22. The psychologists who engaged in this experimentation are sure to write a LOT of papers about it, and those papers will be used to show how “science” has proven that similar controls need to be imposed on the rest of US.

    More psycho-science….

  23. See, if a normal human being found himself dispensing rewards and punishments to grown-ass men as if they were small children, he would begin to question if that’s what he should be doing. Not a psychologist, though.

  24. They should have piped the Pax down the vents. What were the chances of one of the miners turning into a Reaver? Acceptable risk, if you ask me (and probably the psychologists).

  25. they were rewarded with prizes such as access to TV shows.

    Sounds like punishment to me.

  26. I think this is my favorite story so far:

    Five Mistresses Were At Chilean Mine

    1. What the hell? Was Bill Clinton down there?

      1. Once he heard about the five mistresses he was.

  27. The psychology team became judge and jury of what the men could do for enjoyment and even how they could communicate with their families.

    It’s an old joke:

    What’s the difference between God and a doctor? God doesn’t think he’s a doctor.

  28. One of the miners had asked his wife during a video link-up: ‘Why don’t you write to me anymore?’ In fact she had been writing everyday, but her letters were awaiting ‘psychological approval’.

    We’re now monitoring him especially closely.

    Latent PTSD, don’t you know ….

    1. If I was that guy and found out they were doing that. I’d punch someone in the face. That says a lot coming from a guy who rarely promotes violence.

      1. Now they’re all perfectly well-balanced, fully functional individuals, thanks to being reprogrammed by these wise, wise men.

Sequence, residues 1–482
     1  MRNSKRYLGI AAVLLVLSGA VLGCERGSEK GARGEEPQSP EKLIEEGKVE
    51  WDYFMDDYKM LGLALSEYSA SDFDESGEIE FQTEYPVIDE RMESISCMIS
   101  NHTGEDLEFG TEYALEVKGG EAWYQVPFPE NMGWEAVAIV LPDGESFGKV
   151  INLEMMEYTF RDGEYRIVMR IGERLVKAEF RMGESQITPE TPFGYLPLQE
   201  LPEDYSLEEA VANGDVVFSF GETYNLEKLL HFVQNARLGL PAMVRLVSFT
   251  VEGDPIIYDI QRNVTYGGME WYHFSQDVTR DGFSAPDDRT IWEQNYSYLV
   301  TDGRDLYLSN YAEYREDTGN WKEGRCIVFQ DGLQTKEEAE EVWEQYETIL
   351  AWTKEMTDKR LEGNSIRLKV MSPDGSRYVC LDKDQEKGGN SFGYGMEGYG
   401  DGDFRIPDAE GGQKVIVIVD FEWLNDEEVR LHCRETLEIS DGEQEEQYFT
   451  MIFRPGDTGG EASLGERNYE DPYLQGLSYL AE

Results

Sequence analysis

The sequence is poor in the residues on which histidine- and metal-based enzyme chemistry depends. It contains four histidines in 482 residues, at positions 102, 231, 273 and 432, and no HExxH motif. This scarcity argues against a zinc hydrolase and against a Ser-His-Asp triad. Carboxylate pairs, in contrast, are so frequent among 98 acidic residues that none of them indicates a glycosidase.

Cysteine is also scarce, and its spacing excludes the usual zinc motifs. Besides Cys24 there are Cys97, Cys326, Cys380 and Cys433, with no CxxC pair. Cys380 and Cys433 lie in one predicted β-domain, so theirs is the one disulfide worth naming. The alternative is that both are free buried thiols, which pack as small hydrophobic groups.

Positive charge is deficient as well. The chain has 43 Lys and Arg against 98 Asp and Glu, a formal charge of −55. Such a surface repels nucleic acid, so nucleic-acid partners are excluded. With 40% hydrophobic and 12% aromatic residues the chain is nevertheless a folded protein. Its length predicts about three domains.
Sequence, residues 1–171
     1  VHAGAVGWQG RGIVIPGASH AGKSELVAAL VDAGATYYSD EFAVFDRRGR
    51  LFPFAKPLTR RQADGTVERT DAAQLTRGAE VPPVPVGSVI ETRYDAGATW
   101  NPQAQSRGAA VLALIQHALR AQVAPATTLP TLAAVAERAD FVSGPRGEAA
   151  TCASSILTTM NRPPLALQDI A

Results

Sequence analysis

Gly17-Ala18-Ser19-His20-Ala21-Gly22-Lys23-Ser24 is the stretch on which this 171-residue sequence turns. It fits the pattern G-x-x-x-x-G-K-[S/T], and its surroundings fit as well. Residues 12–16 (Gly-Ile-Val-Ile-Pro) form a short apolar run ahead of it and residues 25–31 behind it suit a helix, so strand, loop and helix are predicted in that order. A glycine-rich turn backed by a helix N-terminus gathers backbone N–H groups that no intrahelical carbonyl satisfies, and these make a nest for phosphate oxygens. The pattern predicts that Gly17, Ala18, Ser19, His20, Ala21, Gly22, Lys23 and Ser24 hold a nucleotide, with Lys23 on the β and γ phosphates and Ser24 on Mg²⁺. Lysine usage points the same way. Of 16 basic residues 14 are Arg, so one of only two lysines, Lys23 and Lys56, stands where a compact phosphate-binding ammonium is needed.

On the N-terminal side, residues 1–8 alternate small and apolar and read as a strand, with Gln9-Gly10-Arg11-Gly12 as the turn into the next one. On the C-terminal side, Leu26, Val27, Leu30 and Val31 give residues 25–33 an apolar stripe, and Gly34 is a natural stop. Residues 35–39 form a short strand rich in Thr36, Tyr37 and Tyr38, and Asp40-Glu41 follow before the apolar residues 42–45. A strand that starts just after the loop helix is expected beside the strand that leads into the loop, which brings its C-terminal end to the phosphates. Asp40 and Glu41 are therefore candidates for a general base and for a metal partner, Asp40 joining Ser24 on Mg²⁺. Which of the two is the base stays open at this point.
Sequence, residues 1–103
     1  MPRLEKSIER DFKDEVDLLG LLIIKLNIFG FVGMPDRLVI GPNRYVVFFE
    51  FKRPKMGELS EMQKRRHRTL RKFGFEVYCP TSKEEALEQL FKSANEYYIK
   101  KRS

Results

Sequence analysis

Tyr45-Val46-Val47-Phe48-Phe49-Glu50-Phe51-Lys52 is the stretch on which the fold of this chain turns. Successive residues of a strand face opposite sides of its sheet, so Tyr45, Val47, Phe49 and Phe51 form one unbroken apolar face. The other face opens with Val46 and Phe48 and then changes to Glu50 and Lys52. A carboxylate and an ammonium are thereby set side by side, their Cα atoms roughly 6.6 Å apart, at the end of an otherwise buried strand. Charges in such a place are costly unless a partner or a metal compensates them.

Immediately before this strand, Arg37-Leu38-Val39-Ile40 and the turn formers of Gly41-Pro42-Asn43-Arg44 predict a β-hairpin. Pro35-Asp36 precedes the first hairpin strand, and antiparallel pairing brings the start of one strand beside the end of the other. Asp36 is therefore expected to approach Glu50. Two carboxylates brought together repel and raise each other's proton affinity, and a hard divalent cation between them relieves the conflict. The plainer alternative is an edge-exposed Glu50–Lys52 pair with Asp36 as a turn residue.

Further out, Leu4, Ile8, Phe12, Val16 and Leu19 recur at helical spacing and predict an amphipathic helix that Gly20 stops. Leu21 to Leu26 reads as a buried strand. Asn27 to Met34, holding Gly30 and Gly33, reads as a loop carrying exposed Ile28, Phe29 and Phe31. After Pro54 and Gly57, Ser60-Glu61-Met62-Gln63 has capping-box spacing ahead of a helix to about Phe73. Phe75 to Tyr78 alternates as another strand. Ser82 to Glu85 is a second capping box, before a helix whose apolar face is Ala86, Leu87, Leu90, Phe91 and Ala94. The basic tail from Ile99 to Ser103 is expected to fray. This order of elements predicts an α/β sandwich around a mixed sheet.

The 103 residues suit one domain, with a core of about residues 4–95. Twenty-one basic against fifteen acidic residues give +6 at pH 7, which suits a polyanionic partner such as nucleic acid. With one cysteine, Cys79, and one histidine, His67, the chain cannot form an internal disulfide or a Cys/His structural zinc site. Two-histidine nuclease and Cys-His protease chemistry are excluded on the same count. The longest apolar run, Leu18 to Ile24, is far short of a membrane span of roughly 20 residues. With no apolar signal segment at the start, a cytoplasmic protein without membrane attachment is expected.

29. And nothing ever ever bad will ever again happen to another miner ever in Chile even never again. Pinky promise.

  30. I’ve always been suspicious of the Grief-Counseling racket.

  31. At least they drop them out of airplanes like Milton Friedman’s protege Allende did.

  32. The ‘therapists’ should be sent down the hole to spend two months and the miners can provide the therapy.

  33. What was that college experiment in the 70’s where half the kids were prisoners and half jailers. After 5 days the prisoners were going insane and the jailers had turned into monsters. Sounds about the same.

    1. The Stanford Prison experiment–it was run by Philip Zimbardo who wrote about it at length in his book “The Lucifer Effect” which was one of the most important and disturbing books I ever read. Basically it explains how ordinary people can do evil things, given the right circumstances. Just as importantly it discusses how oridnary people can resist such influences and develop a moral blueprint that allows them to do so.

  34. Please tell me this came from Onion. Because if not, it confirms a really horrible fear that had been inchoate until now.

    Until now, I’d thought the friendly tyranny that exists throughout the Free World was a result of historic accidents. But now it seems that just a random sampling of experts, given the ability to tyrannize people for their own good, will do so, good and hard.

    Ice Trey’s college experiment doesn’t count, because everyone knew it was fake. This is real.

    We’re doomed. Self gov’t is no protection. Benevolence is no protection. Hyper-vigilance by all the free press the world can handle is no protection. Death may be the only escape, but if dead people wind up being subjects to other dead people, even that won’t work, and reincarnation would just get you more of the same, unless you’re no longer like a human being.

    This may be the worst news I’ve ever read here, or anywhere.

  35. Maybe it’s just me, but if I spent 70 days trapped in a mine with some douchebag shrink trying to tell me what to do, the first thing I’d do when I got out would be to knock him out cold.

    -jcr

  36. This reminds me of the helpful counselors when there were serious forest fires north of Kamloops BC a few years ago.

    The area was evacuated, and many homes burnt. The helpful authorities prevented the news media from broadcasting aerial images in case someone recognized their home before the grief counselors were there. Of course, what that meant was a rather complicated and long process of identifying the burnt homes, figuring out where the people were, setting up a safe place to tell them. This was days later. Finally the families created enough fuss that they backed down. People got the information they needed, dealt with it and moved on. It was amazing to hear how puzzled the helpful people were about this.